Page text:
Orangi town. The name of this neighborhood is associated with ethnic strife, crime and target killing. Over the years, the million plus lower-middle class inhabitants of this area have witnessed political, ethnic and sectarian violence alike.
These days, however, a totally different kind of target-killing is being observed in Orangi.
The Superintendent Police of Orangi, Khurram Waris, says that at least a dozen murder cases have surfaced, where victims hailing from Khyber-Pakhtunkhwa were being shot dead not by activists of political parties, but by the people residing in the neighborhoods themselves.
Orangi houses people from all ethnic backgrounds, including Mohajirs, Beharis and Punjabis. However, the town saw a huge surge in its Pashtun population when people from the northern areas fled their homes after the Taliban took over.
“Thousands from Swat poured into Karachi and settled in Orangi,” says Waris.
But when the Pakistan Army began pounding the militant hideouts in the north and successfully took over lost territory, another kind of refugee started to flee to the city. Extremists and militants, many affiliated with the Tehrik-i-Taliban Pakistan, sought safe havens in Karachi. Some of them settled in Orangi town.
“When the people who fled because of the Taliban came face to face with the same extremists who had forced them from their homes, they felt they had no option but to kill them off,” Waris said.
Member of National Assembly Muzaferul Mulk who won the elections on the ANP ticket from Swat says the reaction one now sees in Karachi is only ‘natural’. “When the Taliban took over our hometowns, many people who didn’t side with the extremists couldn’t do anything when their houses were burnt down,” says Mulk. “But now the tables have turned and this time, no matter where the Taliban go — whether it is Karachi or any other city — the people won’t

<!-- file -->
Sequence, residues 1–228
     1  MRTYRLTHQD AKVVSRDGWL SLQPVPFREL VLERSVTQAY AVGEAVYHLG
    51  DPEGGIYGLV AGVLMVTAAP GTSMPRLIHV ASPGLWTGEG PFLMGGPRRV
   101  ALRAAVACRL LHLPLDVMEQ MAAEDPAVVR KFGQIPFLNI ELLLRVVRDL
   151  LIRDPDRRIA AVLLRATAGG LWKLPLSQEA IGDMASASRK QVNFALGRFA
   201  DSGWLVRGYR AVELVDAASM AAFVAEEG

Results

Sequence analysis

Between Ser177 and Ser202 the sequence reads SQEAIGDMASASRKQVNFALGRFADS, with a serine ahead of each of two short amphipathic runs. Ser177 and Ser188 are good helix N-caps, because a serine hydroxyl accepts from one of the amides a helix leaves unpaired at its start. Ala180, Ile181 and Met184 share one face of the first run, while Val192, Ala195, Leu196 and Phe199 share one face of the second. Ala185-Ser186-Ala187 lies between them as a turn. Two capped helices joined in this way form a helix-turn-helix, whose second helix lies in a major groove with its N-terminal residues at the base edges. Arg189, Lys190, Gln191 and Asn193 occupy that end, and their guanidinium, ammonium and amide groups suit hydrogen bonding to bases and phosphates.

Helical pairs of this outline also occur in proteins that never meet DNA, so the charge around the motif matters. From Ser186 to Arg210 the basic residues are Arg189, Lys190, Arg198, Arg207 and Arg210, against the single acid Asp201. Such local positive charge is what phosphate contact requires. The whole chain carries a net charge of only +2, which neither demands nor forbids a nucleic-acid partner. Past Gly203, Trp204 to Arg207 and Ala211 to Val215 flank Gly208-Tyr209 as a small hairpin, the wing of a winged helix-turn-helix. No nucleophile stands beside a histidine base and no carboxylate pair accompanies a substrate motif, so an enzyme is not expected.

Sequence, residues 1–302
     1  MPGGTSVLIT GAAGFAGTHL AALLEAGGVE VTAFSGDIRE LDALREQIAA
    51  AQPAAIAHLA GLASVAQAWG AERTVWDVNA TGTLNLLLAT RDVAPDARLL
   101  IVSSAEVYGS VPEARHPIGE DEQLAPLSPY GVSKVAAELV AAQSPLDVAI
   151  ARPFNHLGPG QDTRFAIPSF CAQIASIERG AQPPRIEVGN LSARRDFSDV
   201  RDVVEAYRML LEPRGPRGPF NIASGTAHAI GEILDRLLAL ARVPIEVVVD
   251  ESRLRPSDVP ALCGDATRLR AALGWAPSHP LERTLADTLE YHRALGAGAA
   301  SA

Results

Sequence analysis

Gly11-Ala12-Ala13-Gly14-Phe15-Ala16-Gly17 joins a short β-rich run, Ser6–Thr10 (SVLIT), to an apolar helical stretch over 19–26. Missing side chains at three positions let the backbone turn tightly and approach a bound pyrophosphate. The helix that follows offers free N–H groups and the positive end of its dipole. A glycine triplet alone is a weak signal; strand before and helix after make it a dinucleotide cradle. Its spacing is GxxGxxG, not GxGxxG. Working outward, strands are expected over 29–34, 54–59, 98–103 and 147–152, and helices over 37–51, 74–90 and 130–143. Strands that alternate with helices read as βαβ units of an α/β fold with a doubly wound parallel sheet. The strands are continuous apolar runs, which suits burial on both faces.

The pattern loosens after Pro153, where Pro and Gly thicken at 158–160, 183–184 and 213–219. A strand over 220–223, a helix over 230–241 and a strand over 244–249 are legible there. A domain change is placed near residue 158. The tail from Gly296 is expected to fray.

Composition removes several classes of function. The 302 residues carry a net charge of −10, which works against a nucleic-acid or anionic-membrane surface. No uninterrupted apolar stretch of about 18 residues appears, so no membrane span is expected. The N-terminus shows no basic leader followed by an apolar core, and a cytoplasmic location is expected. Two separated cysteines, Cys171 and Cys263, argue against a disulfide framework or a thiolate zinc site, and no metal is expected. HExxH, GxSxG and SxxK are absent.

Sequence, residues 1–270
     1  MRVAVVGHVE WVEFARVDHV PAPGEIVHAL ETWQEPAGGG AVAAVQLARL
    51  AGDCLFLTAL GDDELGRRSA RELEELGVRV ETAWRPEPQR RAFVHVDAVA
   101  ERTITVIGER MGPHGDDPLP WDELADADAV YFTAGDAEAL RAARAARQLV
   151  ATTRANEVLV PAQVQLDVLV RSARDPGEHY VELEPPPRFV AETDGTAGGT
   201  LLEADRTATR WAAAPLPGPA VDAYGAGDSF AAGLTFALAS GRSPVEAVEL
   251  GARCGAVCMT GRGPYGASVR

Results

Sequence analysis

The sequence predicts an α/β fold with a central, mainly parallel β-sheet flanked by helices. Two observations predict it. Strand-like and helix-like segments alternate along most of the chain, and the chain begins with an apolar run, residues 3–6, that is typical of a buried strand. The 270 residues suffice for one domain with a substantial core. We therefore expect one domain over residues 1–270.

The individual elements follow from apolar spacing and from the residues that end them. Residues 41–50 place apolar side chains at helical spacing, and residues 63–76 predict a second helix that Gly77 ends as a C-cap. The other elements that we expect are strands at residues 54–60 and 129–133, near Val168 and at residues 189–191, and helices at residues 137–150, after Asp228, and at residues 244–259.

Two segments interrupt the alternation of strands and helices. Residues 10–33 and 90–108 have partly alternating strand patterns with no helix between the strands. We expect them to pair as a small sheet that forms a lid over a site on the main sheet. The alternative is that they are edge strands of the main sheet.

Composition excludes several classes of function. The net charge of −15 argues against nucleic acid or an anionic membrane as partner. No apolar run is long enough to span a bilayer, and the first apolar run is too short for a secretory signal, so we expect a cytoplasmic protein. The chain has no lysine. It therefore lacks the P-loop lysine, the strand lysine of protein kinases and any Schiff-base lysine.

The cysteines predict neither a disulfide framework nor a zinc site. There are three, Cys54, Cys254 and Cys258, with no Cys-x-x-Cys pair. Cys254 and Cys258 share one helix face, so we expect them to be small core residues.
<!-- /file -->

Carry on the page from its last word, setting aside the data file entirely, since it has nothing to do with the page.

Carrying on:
leave them alive if they get their hands on them.”
When asked whether people who were forced to leave their homes in the north because of the extremists feared repercussions from law enforcers for settling scores and murdering militants in Karachi, Mulk said that it was a matter of tribal codes and honour. “Taking revenge is part of the culture. And why wouldn’t it be? How can anyone let any criminal who has murdered their brothers or father live?”
Strangely enough, the situation seems to suit the law enforcement agencies and security services operating in Karachi who see the backlash as an opportunity to get rid of some, if not all, potentially dangerous and armed extremists. This supposition is strengthened by the fact that in almost all of the dozen murder cases cited by the police officer in Orangi, the First Information Report for such target killings always only mention ‘unknown’ killers.
Published in The Express Tribune, Sunday Magazine, April 17th, 2011.